Rental prices exhibit "outsized growth"

Find out how much rent has risen compared to a year ago

Rental prices exhibit "outsized growth"

The average monthly rent for Canadian properties increased 11.1% to $1,959 in August compared to the market low of the same time last year, according to the latest data from

Rent inflation has been mostly felt in Vancouver and Toronto, where rent is at $3,184 and $2,694, respectively. Both cities experienced a 24% YOY rent increase. However, it was London with the highest annual rent growth at 26.5%.

The most expensive units are single-family homes at $3,061 per month, compared to $2,312 per month for condo apartments and $1,729 per month for rental apartments.

Read next: Is rent to own the key to Canadian homeownership?

Two- and three-bedroom units also continued to post higher growth rates than smaller suites as employees continue to work from home.

“Despite declining affordability, rental rates for the largest units in the market continue to see annual appreciation that is higher than the smaller suites,” said. “With more Canadians shut out of the ownership market due to higher interest rates, it is conceivable that there are more upper-middle class renters than there have been in previous years.”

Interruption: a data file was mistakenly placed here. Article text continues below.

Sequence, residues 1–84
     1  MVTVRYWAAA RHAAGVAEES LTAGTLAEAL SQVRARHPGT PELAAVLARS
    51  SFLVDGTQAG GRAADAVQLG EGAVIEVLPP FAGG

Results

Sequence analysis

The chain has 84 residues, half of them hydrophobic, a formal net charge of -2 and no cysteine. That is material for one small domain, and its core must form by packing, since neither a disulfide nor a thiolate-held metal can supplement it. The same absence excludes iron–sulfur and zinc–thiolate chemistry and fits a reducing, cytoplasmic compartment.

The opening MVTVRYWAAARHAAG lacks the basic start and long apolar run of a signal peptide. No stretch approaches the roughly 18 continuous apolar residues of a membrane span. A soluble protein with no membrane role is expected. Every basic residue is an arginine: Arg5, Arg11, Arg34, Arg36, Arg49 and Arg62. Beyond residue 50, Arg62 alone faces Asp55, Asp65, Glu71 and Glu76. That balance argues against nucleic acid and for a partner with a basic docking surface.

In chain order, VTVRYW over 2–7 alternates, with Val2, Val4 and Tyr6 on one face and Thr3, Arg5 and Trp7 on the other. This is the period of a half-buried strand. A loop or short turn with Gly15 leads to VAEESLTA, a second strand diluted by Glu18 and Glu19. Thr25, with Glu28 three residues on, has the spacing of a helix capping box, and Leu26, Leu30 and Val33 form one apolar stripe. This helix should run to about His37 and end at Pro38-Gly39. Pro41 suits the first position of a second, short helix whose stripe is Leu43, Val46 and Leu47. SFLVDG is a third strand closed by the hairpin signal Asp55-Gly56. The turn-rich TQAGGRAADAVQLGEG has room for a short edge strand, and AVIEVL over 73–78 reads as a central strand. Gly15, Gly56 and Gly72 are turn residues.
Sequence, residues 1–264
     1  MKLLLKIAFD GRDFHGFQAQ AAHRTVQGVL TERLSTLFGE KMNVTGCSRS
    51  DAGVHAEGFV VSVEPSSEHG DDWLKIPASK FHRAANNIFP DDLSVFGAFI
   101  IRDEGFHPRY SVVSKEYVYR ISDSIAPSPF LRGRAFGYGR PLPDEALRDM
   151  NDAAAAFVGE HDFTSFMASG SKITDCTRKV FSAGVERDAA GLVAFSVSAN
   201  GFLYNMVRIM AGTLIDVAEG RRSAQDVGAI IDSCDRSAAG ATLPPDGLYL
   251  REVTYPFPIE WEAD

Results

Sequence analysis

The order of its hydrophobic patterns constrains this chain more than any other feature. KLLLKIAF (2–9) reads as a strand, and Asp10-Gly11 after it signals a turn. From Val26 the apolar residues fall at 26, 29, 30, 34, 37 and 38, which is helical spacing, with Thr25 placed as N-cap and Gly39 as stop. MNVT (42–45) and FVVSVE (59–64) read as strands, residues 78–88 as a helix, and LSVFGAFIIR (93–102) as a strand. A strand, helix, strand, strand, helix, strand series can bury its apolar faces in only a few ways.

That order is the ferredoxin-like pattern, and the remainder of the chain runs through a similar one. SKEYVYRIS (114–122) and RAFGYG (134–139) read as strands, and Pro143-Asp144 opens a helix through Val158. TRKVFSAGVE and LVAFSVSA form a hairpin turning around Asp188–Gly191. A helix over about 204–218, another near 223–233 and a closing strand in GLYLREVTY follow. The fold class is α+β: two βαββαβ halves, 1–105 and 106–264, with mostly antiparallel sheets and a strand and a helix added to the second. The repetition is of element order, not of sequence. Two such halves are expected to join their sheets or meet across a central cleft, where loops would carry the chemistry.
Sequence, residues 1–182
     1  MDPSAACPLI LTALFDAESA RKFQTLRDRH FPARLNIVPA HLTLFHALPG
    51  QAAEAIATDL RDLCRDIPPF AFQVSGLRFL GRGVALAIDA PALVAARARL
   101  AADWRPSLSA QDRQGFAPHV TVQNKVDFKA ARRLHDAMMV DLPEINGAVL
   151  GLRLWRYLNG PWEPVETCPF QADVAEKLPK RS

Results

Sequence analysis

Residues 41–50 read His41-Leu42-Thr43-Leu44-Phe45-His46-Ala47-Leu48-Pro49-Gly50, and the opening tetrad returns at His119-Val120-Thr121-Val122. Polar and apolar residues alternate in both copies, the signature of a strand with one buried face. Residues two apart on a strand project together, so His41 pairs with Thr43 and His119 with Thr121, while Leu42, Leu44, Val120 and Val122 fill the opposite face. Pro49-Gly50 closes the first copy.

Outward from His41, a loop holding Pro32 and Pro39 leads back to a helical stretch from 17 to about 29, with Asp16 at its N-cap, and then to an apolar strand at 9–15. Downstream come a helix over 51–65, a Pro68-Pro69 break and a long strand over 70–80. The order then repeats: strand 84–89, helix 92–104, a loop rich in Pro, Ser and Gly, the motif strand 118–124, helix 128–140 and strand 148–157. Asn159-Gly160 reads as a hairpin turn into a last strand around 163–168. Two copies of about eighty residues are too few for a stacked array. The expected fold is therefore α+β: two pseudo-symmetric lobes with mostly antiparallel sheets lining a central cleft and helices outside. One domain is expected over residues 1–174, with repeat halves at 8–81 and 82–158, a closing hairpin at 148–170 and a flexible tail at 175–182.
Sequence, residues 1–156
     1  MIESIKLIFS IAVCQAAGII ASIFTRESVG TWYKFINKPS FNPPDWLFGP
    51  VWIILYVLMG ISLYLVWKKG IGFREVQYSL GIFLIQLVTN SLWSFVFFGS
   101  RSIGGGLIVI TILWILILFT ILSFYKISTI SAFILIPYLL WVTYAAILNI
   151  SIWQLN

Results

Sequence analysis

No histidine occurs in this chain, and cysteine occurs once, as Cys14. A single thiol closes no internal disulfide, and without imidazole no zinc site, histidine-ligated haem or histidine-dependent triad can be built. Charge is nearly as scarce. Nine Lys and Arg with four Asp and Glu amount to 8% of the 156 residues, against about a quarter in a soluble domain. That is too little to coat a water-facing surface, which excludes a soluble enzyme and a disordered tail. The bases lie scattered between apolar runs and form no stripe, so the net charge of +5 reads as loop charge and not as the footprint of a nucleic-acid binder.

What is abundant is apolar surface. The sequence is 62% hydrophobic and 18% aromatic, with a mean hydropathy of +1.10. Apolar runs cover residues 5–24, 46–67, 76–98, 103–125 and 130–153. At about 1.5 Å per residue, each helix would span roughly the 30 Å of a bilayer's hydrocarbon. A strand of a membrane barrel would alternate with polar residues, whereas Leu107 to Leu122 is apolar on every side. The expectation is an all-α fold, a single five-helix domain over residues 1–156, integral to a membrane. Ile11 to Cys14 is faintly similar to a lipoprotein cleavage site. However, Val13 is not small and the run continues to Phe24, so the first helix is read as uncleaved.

On a provincial level, British Columbia led the pack for the highest rental rate with an annual increase of 23.7% to $2,578. It was followed by Nova Scotia at $2,380, Ontario at $2,367, Quebec at $1,723, and New Brunswick at $1,467.

Read more: Turning homes into rentals common as housing market cools

Only the Northwest Territories experienced an annual price fall of 5.6% to $1,769.

“There continues to be outsized rent growth in Canada, with the average listing on nearly $200 more expensive than a year ago,” Ben Myers, president of Bullpen Research and Consulting Inc., said. “With another interest rate hike from the Bank of Canada, potential buyers are further dissuaded from purchasing, sending more demand into the rental market. The hikes are having a negative impact on job growth, which could keep rents in check if young Canadians find themselves jobless.”

Find’s full September report here.